The “War on terrorism” has mutated in to a control grid for an increasingly aware population. The foundation for this had already been put in place by Bush with the Patriot Act, Patriot Act 2, Military commissions act and numerous executive orders that strangled what was left of Posse Comitatus and the Constitution.
Homeland Security now defines “Terrorists” as those who believe in the Constitution, the first, second and fourth amendments. Returning veterans are being targeted for a denial of their second amendment rights. A “Terrorist Watchlist” of more than a million and rapidly growing, is being used as the basis for denying citizens the rights to travel and to work.
Obama is now mulling over the idea of indefinite detention without trial for U.S. citizens. This, from a teacher of the Constitution ! Bills are in congress to criminalize free speech on the Internet via the Cyberbullying Act which will make hurting somebody’s feelings a felony. Just as the Patriot Act morphed in to a mechanism to subdue the U.S. population, the Cyberbullying Act will be subverted to criminalize political free speech and any criticism of the Government.
“Cyberterrorism” is being used as a pretext to bring government regulation to the the last stronghold of unbiased information. Washington has realized that it’s getting harder to get away with their Fascist agenda and are moving to control the field. The populace are beginning to realize just what kind of “Change” Obama intended to deliver.
There has been growing resistance on a state level with several invoking their 9th and 10th Amendment rights in a valiant attempt to stop the Federal Vampire from draining the last drops of blood, the last vestiges of Freedom and Hope.
This is the Dystopic Nightmare that America finds itself in today and each day brings new assaults on Freedom and Sanity. The framework for total control of the citizenry, the economy and the media is being built upon in a relentless aggrandization of Govermental power. Obama sits atop his new Empire still smiling that sickeningly disingenuous smile surrounded by his seasoned courtiers who have worked for decades to hijack America and steer it towards this New World Order.
Tags: Abu Ghraib, aclu, amrit singh, anti-American sentiment, bagram, beltway, Bill Kristol, binyam mohamed, bush crimes, cia interrogation, doj, foia, freedom of information, geneva conventions, glenn greenwald, Guantanamo, International law, justice department, max boot, michael goldfarb, national security, nuremburg, obama administration, obama cover-up, obama coverup, olc torture memos, rendition, roger hollander, torture, torture memos, torture photos, torture techniques, torture videos, un convention, War Crimes, warrantless wiretapping, waterboarding
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It’s difficult to react much to Obama’s complete reversal today of his own prior decision to release photographs depicting extreme detainee abuse by the United States. He’s left no doubt that this is what he does: ever since he was inaugurated, Obama has taken one extreme step after the next to keep concealed both the details and the evidence of Bush’s crimes, including rendition, torture and warrantless eavesdropping. The ACLU’s Amrit Singh — who litigated the thus-far-successful FOIA lawsuit to compel disclosure of these photographs — is exactly right:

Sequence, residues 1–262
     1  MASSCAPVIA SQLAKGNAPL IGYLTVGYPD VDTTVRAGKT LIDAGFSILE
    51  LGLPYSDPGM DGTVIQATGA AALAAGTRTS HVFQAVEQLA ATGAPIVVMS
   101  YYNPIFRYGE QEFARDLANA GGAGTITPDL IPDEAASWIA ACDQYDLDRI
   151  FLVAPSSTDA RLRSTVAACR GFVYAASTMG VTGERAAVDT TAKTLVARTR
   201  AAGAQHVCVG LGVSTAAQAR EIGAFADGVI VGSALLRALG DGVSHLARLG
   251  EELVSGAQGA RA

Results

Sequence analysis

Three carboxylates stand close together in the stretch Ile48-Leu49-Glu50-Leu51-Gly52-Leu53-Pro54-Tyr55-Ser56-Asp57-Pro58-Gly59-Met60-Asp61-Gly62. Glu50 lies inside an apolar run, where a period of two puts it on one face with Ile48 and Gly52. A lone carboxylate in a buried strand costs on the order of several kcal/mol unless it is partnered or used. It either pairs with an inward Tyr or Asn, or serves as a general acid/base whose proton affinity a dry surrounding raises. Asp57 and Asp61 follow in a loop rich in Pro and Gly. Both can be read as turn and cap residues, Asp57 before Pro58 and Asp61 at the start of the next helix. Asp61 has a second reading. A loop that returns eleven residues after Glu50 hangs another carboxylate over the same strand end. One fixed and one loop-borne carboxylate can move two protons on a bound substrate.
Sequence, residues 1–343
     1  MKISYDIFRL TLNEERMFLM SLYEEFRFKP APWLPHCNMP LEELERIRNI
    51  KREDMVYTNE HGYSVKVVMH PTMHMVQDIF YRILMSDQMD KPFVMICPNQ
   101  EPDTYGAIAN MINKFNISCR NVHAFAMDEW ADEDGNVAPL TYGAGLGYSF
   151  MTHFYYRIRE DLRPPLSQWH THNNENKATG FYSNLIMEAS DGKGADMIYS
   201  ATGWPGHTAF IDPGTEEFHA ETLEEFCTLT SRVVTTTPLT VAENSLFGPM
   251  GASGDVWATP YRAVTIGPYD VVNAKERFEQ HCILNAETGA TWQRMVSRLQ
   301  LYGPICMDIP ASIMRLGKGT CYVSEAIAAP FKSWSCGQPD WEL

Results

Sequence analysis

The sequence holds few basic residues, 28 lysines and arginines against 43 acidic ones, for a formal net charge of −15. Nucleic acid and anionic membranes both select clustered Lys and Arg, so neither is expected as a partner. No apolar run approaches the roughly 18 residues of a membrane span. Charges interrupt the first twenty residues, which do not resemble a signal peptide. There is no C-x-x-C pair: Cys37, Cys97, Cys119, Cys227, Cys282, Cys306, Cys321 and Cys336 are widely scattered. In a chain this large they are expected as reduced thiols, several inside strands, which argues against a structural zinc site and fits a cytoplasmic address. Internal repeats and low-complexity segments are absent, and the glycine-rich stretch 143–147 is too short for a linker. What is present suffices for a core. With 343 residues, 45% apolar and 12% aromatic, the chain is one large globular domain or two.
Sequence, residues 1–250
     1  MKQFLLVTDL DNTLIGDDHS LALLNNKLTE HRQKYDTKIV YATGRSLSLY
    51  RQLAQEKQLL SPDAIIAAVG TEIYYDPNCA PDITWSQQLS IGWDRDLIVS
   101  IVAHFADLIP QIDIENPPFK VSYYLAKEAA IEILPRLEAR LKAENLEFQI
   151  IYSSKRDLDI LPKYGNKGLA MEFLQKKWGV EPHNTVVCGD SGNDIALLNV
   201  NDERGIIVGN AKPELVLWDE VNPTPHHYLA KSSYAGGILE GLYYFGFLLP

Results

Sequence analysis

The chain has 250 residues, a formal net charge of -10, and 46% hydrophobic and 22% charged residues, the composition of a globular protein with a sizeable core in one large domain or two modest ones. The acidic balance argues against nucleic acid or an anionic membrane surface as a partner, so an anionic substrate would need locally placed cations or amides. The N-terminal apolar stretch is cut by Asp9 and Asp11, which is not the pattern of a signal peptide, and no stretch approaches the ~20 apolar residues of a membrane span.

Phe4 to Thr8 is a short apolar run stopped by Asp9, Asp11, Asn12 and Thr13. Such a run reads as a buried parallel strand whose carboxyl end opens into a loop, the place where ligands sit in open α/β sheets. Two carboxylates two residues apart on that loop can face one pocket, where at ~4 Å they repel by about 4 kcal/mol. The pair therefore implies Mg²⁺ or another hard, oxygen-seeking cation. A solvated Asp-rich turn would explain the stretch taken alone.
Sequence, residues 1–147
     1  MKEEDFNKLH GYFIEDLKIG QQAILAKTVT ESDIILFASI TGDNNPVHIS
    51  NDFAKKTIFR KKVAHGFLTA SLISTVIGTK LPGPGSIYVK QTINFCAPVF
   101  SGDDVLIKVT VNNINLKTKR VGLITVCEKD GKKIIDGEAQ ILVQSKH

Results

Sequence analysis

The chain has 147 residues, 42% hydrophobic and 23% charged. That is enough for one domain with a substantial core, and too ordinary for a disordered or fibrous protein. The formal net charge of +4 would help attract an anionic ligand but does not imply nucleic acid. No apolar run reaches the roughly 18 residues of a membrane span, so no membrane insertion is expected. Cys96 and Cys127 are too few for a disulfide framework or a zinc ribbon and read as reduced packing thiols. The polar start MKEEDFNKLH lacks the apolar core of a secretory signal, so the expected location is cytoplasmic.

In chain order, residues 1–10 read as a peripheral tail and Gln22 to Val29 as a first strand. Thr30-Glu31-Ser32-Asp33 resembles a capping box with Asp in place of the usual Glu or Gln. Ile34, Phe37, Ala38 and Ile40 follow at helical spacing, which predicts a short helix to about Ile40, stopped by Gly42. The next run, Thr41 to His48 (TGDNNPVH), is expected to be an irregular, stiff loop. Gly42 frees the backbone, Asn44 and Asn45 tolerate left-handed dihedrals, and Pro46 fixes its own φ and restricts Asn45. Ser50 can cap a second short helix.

The reversal is another indication of a continuance of the Bush administration policies under the Obama administration. President Obama’s promise of accountability is meaningless, this is inconsistent with his promise of transparency, it violates the government’s commitment to the court. People need to examine these abusive photographs, but also the government officials need to be held accountable.
Andrew Sullivan, one of Obama’s earliest and most enthusiastic supporters, wrote of today’s photograph-concealment decision and yesterday’s story of Obama’s pressuring Britain to conceal evidence of Binyam Mohamed’s torture:
Slowly but surely, Obama is owning the cover-up of his predecessors’ war crimes. But covering up war crimes, refusing to prosecute them, promoting those associated with them, and suppressing evidence of them are themselves violations of Geneva and the UN Convention. So Cheney begins to successfully coopt his successor. . .
From extending and deepening the war in Afghanistan, to suppressing evidence of rampant and widespread abuse and torture of prisoners under Bush, to thuggishly threatening the British with intelligence cut-off if they reveal the brutal torture inflicted on Binyam Mohamed, Obama now has new cheer-leaders: Bill Kristol, Michael Goldfarb and Max Boot. . . .
Those of us who held out hope that the Obama administration would not be actively covering up the brutal torture of a Gitmo prisoner who was subject to abuse in several countries must now concede the obvious. They’re covering it up – in such a crude and obvious fashion that it is actually a crime in Britain.
John Aravosis said Obama’s logic was “a bit Bushian.” Steve Hynd observes that “Obama Trades Our Principles For Cheneyism.” TPM decalres: ”Obama falls back on Bushisms.” Dan Froomkin writes: ”Obama Joins the Cover-Up.” I’ll just note a few points for now about Obama’s efforts to keep these photographs concealed: